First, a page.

In response to the rising number of whistleblower cases since the pandemic outbreak, the U.S. Office of Inspector General (OIG) conducted an audit and found that there are too few investigators to handle the volume of complaints, creating long delays. OIG found that in the first quarter of the year, it took an average of 279 days for OSHA to close an investigation, which is nearly double the amount of time the agency took to close cases in 2010. The report recommended that OSHA develop a caseload management plan to evenly distribute whistleblower complaints among investigators, hire whistleblower investigators to fill the current vacancies, and consider extending its current pilot program on expediting whistleblower screenings to all regions.

Final beryllium standard for construction and shipyards published

The final rule amends the following paragraphs in the beryllium standards for construction and shipyards: Definitions, Methods of Compliance, Respiratory Protection, Personal Protective Clothing and Equipment, Housekeeping, Hazard Communication, Medical Surveillance, and Recordkeeping. The Hygiene Areas and Practices paragraph from the final standards was removed because existing standards for sanitation provide the necessary protection. The effective date of the revisions is September 30.

Reminder: resources available on disaster response

Hurricanes

Tornedos

Floods

Cal-OSHA reminds employers to protect workers from wildfire smoke

Employers near wildfires need to comply with the emergency wildfire smoke regulation, which took effect in July 2019 and has been extended to early 2021.

Recent fines and awards

California

  • Investigated because of an accident, Monterey Mushrooms, Inc. of Royal Oaks initially faces $69,635 in penalties.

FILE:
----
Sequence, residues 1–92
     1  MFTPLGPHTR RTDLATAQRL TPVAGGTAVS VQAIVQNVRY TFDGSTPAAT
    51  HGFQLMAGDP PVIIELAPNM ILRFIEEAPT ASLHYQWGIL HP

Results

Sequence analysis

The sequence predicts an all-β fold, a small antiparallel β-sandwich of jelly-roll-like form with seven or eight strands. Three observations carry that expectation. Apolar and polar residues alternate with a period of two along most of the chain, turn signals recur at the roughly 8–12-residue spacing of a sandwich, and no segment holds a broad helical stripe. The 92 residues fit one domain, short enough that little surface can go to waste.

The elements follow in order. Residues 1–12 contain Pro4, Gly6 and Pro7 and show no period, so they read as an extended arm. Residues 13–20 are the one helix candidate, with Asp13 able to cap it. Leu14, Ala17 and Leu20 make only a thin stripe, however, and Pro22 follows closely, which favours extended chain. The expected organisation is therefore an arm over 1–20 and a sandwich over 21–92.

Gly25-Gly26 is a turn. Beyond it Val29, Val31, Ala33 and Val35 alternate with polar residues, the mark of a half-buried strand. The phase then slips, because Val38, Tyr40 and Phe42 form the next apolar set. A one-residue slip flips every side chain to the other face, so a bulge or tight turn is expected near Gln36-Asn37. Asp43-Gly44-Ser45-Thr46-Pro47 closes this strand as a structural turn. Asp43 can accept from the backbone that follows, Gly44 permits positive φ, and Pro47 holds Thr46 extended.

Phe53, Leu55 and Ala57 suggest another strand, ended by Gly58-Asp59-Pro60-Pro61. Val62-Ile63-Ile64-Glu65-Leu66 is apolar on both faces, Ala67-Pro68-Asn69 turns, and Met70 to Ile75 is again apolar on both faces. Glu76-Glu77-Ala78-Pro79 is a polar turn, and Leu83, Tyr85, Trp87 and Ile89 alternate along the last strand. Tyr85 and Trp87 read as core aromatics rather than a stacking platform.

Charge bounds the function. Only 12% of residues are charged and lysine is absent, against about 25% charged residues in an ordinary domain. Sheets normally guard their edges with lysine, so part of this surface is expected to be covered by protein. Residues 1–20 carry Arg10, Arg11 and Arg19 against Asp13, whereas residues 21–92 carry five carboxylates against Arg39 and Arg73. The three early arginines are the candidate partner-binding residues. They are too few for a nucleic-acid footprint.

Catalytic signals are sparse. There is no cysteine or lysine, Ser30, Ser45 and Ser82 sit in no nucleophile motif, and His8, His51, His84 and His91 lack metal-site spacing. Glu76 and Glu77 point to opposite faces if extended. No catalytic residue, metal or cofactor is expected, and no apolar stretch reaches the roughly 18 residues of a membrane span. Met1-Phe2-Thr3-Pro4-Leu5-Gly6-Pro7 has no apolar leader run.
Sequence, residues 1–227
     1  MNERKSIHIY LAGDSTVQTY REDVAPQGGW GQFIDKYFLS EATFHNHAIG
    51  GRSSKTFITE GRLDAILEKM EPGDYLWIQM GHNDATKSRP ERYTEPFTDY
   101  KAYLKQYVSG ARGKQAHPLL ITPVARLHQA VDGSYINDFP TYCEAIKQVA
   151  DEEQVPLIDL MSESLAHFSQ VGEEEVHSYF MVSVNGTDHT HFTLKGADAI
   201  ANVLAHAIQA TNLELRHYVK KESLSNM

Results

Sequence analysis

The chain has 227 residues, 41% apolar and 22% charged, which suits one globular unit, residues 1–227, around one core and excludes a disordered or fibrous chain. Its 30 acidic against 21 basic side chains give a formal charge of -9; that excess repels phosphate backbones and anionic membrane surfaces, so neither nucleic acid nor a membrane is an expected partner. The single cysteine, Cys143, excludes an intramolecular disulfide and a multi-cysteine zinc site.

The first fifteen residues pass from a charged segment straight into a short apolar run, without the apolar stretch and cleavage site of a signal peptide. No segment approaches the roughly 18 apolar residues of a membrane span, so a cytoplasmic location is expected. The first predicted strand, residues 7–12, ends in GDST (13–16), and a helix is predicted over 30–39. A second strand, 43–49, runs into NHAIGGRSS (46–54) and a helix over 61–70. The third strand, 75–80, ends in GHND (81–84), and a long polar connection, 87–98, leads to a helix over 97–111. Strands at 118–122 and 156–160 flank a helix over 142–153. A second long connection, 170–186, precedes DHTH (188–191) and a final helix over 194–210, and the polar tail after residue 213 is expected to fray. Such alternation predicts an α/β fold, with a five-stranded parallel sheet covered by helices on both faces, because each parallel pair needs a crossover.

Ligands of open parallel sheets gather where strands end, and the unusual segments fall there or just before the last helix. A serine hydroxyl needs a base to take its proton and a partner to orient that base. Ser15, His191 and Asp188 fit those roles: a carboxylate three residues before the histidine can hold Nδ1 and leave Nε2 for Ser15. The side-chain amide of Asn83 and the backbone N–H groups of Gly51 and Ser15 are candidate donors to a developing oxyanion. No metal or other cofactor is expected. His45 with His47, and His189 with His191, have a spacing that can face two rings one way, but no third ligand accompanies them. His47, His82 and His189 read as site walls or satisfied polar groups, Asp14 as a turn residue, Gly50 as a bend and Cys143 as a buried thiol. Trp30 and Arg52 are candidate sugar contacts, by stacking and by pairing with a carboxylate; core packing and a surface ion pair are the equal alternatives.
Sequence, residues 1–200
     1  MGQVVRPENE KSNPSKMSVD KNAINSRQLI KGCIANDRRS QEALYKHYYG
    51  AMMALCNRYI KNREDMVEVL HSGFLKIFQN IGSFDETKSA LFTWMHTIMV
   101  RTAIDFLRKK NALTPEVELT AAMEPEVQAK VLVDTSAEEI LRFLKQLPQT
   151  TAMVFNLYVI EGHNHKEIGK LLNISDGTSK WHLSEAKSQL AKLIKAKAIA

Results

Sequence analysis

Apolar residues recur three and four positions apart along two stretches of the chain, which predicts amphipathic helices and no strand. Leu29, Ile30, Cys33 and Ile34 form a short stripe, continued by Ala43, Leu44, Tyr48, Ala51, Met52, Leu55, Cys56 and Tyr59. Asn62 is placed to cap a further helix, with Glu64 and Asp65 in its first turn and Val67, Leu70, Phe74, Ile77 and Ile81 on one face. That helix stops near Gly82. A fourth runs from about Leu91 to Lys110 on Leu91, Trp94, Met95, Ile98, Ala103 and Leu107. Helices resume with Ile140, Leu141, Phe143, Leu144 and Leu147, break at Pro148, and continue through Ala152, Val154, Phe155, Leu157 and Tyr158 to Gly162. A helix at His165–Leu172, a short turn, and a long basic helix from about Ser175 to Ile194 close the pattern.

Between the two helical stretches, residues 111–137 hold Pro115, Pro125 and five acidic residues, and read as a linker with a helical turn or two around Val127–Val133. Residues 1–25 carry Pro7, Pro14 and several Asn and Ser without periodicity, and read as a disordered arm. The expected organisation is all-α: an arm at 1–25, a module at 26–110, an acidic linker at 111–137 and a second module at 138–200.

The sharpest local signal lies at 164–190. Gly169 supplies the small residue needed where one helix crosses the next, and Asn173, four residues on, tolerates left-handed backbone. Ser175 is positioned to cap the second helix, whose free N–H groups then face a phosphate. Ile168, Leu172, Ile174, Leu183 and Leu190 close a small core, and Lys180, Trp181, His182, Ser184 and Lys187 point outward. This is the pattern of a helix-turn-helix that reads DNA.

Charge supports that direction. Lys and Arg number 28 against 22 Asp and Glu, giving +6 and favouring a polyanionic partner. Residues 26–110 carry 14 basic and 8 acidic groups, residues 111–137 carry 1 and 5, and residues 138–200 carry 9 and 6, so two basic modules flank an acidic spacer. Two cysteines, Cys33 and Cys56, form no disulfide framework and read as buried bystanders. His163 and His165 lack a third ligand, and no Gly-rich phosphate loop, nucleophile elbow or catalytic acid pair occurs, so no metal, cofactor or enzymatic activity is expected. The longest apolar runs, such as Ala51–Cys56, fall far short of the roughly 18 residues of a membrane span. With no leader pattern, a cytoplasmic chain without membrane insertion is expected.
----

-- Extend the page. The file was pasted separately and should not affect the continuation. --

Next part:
• Food manufacturer Overhill Farms Inc. and its temporary employment agency Jobsource North America Inc. were fined more than $400,000 in combined penalties for failing to take steps to protect workers from coronavirus infection at two frozen food plants in Vernon.

    Eleven other employers have also been cited for not protecting employees from COVID-19 exposure during inspections of industries where workers have an elevated risk of exposure. Proposed penalties range from $2,025 to $51,190.

Florida

  • U.S. Corrections LLC, headquartered in Melbourne, was ordered to reinstate an employee for reporting personal and commercial motor vehicle safety concerns plus pay more than $70,000 in back wages, $30,000 in punitive damages, $7,341 in compensatory damages, $30,000 in emotional distress damages and reasonable attorney’s fees under the whistleblower provisions of the Surface Transportation Assistance Act.
  • T S & C Construction Services Of Florida, LLC, based in Orlando, faces $75,567 in fines for failure to protect employees from cave-ins in excavations.
  • Roofing Pioneers of Parrish faces $47,229 in penalties for a repeat violation of failure to provide fall protection.

Georgia

  • Harris Tire Company of Atlanta faces $51,274 in penalties following an inspection initiated by a complaint.

Illinois

  • DS Containers, Inc. of West Chicago faces $42,411 in penalties relating to hazardous energy control.
  • Chicago Aerosol, LLC of Coal City faces $67,470 in penalties for process safety management.